November 5, 2020, 8:30 a.m. to 6 p.m. EDT | November 6, 2020 – February 7, 2021, On-Demand | Online Conference
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All of you, nice conversations. I like it!
I understand that the Program Manager might be worry about his position "today" but lies don't pay
As a PM, sharing the bad news as early as possible so that damage can be minimized.
To me, transparency requires candor.
Candor In The Project Management Workplace: Good News, Bad News
Are you being silenced and silencing others? A project manager's dilemma?speaking truth to power in your organisation.
Transparency and candor in the project management workplace are absolutely good and important. The tangible and intangible costs of lack of engagement and collaboration within an organization are substantial. Unfortunately, candor and honest feedback can be destructive when perceived as, weapons.
Transparency and Ethics... How To Achieve the Balance?
I believe that group-think can cloud transparency in an organization.
Adapting to group-think is a sound survival skill, but allowing yourself to slavishly follow the prevailing norm is most often a form of intellectual and moral suicide.
"Every culture (workplace included), wittingly or not, pressures each of us to forswear independent, critical thinking, and in so doing, join the herd. Our job is to think our way through this pressure."— Mitchell Frangadakis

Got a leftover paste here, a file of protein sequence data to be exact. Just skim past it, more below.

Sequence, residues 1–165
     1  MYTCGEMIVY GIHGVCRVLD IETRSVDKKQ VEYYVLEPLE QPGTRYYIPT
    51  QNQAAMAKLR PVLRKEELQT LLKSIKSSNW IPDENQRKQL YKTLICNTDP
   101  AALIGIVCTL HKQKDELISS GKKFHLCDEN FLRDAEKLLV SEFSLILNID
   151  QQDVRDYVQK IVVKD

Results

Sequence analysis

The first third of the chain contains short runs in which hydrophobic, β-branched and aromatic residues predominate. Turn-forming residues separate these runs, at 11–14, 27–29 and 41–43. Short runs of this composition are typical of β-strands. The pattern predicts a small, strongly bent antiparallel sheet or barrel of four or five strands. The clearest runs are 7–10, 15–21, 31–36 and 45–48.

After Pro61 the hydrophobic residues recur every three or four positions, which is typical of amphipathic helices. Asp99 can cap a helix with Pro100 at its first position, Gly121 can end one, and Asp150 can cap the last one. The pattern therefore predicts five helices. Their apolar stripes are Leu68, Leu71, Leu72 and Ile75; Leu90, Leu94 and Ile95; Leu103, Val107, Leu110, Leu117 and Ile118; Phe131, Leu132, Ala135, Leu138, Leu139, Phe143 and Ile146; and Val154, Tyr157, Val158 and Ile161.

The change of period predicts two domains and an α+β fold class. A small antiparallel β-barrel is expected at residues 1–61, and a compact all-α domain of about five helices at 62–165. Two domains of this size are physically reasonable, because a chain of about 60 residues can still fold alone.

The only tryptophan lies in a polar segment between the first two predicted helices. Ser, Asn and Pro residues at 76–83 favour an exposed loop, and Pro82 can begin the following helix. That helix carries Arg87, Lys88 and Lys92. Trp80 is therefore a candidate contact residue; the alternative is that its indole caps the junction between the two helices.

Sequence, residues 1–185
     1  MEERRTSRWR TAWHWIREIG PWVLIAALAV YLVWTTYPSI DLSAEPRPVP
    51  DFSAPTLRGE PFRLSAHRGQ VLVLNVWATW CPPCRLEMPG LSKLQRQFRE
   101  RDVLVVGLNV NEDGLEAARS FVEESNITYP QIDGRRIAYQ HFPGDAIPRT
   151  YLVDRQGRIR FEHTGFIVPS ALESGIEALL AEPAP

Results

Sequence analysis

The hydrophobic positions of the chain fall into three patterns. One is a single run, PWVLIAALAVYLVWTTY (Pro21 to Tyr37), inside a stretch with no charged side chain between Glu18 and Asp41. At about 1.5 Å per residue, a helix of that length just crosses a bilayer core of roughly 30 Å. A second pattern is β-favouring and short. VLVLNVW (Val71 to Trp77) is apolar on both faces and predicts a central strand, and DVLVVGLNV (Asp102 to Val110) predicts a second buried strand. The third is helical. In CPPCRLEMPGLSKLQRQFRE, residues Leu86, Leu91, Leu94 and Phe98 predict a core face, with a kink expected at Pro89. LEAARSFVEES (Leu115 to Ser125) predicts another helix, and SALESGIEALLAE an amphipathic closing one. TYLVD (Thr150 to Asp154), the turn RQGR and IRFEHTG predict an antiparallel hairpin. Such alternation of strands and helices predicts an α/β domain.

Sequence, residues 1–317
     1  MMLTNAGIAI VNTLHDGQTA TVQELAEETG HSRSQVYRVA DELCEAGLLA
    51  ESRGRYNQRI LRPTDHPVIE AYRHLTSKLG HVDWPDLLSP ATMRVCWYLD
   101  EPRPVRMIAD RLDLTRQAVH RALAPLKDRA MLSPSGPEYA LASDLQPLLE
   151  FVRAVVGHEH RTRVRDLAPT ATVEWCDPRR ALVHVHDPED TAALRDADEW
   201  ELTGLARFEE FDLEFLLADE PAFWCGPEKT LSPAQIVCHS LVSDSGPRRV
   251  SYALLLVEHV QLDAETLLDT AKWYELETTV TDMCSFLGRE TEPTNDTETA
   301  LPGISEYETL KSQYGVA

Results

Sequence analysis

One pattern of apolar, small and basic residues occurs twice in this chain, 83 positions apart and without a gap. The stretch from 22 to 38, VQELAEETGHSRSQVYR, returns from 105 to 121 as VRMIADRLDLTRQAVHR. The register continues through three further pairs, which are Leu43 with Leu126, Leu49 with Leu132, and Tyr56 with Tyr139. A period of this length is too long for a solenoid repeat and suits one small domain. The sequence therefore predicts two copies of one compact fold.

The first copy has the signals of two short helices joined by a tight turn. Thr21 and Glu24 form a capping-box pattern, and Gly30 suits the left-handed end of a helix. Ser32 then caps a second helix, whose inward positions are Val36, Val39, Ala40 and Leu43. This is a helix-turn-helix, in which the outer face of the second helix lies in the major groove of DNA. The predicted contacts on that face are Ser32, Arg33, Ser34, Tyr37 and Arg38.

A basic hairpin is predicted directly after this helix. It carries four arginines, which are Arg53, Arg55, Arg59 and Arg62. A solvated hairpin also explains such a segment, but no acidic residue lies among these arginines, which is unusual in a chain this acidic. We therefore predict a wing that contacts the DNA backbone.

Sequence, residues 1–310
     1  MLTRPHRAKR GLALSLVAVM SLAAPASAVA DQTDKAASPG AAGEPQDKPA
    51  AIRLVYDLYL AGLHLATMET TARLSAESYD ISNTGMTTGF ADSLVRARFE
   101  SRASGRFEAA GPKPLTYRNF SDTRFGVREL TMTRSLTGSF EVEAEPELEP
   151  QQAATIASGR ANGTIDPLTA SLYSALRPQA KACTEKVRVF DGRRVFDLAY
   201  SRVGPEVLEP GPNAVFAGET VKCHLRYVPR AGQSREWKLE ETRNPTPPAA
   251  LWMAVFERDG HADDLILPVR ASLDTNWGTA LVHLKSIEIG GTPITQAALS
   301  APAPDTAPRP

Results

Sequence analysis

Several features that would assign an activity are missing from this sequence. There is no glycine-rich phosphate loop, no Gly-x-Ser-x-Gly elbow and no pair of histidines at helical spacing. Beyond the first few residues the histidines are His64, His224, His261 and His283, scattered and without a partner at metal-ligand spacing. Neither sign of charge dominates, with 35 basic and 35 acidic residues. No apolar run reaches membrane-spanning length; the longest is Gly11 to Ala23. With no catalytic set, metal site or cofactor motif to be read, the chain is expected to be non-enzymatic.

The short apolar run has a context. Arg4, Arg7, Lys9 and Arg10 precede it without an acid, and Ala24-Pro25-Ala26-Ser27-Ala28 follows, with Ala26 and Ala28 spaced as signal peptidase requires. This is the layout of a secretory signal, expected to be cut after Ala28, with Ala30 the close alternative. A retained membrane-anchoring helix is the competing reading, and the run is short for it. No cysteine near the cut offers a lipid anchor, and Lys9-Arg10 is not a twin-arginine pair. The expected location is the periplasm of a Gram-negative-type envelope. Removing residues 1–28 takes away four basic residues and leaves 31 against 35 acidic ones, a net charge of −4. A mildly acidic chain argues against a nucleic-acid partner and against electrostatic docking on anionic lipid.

The balance is easier in some cases. Has an independant consultant my standard need be high. When a client ask for an evaluation of project progress and possible delivery date I ask to tell an unbiased view.
When within a company many shade of gray may exist. But at some point it is your ethic. I have been confronted with VPs requesting I change my evaluation. My answer, on what new basis?
For me, when someone asks me to reconsider or change my evaluation, as you put it, I will relook at my conclusions... after all, no one is perfect and perhaps I made a mistake. But, I will use a disciplined methodical approach to arrive at an answer. If I was wrong... I will state it as such. But if my original conclusions stand, I will state that too.
I'm really happy that you raised this point, it resonated with me.. I realized that I mistakenly referred to group-think in my original reply. Sorry.
I keep forgetting that group-think is not the same as "Abilene Paradox". Abilene Paradox is, in my opinion, more befitting to what I was alluding to.
A term, "Abilene Paradox" was introduced by management expert Jerry B. Harvey in his 1974 article "The Abilene Paradox: The Management of Agreement"
In the Abilene paradox, a group of people collectively decide on a course of action that is counter to the preferences of many or all of the individuals in the group. It involves a common breakdown of group communication in which each member mistakenly believes that their own preferences are counter to the group's and, therefore, does not raise objections. A common phrase relating to the Abilene paradox is a desire not to "rock the boat". This differs from group-think in that the Abilene paradox is characterized by an inability to manage agreement.
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